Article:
Domaine de Varoilles – and others – have been more “fair minded” in pricing, considering (a) recent below average harvests, with less wine and (2) increasing worldwide demand for Burgundy. Domaine de Varoilles actually lowered prices for their 2016 offerings over 2015: “Because we made more wine,” said a friend of the domain, who was lending the owners a hand, when I purchased a few bottles.

But the image of Burgundy is changing.

Which brings us back to my friend, the long time Burgundy buyer. “In Bordeaux, the image has been of very well dressed people buying expensive wine, but not knowing so much about it; in Burgundy, people are less well dressed, but more in tune to terroir and wine,” he quipped.

Of course this description is a simplification that does not reflect the many serious wine fans of Bordeaux, who also may not bother to dress all that well. And, as it turns out, Burgundy is seeing an increasing number of nouveau riche (well heeled, well dressed and full of cash) buying grands crus from Burgundy as a status symbol or “luxury product” (Indeed, that last term has been so overused to justify ridiculous pricing for top tier Bordeaux, that has become a de facto synonym for such Bordeaux). But this has been happening in Burgundy more recently, my friend pointed out. My friend recalled a recent visit to a famous domain where one buyer asked if the red wine had any Pinot Noir in it. “I never saw that before,” he said. Read More

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Tasting 2017 Bordeaux barrel samples: Coming soon!

Press Release from the Union des Grands Crus de Bordeaux

28 March 2018

En Primeur Week, organised by the Union des Grands Crus de Bordeaux – an intense time for wine producers and Bordeaux négociants – will be presenting the 2017 vintage to the international wine trade from Monday the 9 to Thursday the 12 of April 2018.

Yours truly will be there one week before to taste wines from other organizations and non members, but at two weeks from this important event, some 5,000 professionals and journalists from 60 different countries (1. China, 2. UK, 3. Switzerland, 4. Germany, 5. United States, among many others) already have confirmed their participation in this essential event for Bordeaux wine.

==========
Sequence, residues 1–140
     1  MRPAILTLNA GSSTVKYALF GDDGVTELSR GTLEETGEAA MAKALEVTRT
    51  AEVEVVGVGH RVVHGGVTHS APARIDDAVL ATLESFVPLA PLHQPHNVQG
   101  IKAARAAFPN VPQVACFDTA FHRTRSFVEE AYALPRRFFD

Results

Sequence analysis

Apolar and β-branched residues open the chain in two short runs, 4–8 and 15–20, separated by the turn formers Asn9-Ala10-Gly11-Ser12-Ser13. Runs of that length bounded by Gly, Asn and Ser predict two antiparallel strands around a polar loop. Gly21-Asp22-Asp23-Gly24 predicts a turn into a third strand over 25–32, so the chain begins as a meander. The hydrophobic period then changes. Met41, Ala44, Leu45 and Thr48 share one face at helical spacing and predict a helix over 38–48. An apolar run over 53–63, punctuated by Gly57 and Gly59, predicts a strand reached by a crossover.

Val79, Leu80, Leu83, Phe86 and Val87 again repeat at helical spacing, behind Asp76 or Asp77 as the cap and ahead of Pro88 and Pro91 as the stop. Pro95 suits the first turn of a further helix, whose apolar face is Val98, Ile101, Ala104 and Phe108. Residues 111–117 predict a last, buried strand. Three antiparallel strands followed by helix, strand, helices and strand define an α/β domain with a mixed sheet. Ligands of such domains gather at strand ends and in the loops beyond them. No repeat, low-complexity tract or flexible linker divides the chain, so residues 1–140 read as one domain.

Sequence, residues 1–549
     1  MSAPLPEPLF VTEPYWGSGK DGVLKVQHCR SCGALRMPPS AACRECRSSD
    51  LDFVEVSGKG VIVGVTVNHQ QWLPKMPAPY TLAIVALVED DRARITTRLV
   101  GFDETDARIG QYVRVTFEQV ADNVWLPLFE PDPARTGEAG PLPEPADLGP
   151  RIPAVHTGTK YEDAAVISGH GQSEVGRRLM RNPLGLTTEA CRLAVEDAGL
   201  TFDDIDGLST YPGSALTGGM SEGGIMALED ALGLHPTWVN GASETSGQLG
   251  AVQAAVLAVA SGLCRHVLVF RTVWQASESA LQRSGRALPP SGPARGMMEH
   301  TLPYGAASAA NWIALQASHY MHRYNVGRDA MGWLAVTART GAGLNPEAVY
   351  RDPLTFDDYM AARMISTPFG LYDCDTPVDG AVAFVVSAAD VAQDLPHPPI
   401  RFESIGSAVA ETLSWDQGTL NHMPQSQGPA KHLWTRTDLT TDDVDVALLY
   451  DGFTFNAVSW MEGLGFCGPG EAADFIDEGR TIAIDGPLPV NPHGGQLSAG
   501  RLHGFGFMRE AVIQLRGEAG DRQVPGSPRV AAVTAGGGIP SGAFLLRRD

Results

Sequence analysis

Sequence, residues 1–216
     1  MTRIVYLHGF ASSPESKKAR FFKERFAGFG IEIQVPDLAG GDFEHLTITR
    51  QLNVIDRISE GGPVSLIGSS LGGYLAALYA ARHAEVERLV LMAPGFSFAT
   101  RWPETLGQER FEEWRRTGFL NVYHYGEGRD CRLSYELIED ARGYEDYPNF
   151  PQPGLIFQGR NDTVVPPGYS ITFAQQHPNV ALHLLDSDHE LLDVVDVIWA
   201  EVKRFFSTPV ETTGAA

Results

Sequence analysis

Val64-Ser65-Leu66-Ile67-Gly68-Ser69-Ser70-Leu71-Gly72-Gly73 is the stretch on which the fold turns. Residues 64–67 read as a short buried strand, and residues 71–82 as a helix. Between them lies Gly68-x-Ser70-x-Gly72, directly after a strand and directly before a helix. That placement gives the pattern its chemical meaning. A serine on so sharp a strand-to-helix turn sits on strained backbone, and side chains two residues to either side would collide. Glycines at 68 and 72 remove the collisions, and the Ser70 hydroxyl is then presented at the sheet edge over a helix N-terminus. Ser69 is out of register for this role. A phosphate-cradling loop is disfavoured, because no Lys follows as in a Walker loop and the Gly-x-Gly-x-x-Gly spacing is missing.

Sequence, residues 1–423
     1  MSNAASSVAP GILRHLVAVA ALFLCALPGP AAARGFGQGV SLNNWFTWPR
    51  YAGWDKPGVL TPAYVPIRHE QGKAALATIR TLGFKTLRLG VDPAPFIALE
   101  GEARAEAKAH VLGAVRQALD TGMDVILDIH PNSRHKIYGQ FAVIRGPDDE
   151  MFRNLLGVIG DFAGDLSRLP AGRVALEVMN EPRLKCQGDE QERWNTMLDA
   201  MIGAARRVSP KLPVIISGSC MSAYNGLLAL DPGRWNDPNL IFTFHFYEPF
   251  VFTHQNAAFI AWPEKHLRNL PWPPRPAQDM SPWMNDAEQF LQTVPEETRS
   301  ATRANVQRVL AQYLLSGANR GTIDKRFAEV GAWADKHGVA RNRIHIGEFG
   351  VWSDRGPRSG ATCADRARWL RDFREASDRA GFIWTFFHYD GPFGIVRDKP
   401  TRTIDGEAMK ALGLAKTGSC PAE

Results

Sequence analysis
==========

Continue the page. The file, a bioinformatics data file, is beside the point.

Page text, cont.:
The schedule for tastings restricted to professionals in the trade: 

Monday, 9 of April: 115 crus representing all appellations will be tasted at H14 in the heart of the city of Bordeaux (173 Quai des Chartrons), during a first day of tasting that has already been booked by 1,000 professionals.

From Tuesday the 10 to Thursday the 12 of April: Tastings for each appellation are organized at the following châteaux:

– Ch. Malartic-Lagravière
– Ch. La Couspaude
– Ch. Gazin
– Ch. Citran
– Ch. Siran
– Ch. Beychevelle
– Ch. Lafon-Rochet
– Ch. La Lagune

The schedule for tastings restricted to journalists accredited by the Union des Grands Crus de Bordeaux:

Monday, 9th of April

– Tastings of crus from Sauternes and Barsac at Château Coutet and Château de Rayne Vigneau, presentation of the new vintage by the Institute of Vine and Wine Sciences at Château Guiraud and dinner with Union des Grands Crus members and journalists at Château Kirwan

From Tuesday the 10th to Thursday the 12th of April: Tastings by appellation restricted to 100 journalists at H14.

About the UGCB

The Union des Grand Crus brings together 134 estates in prestigious Bordeaux appellations. Benefiting from the diversity of its members as well as its shared values, the Union and its members pursue their primary mission in conjunction with distributors, brokers, and the Bordeaux trade: to meet nearly 50,000 professionals and wine enthusiasts a year in order to present their recent vintages. From Tokyo to Montreal, by way of New York, Shanghai, London, and Paris, the Union des Grands Crus de Bordeaux organises nearly 80 events a year in 65 cities around the world.

Further information? Consult their webpage: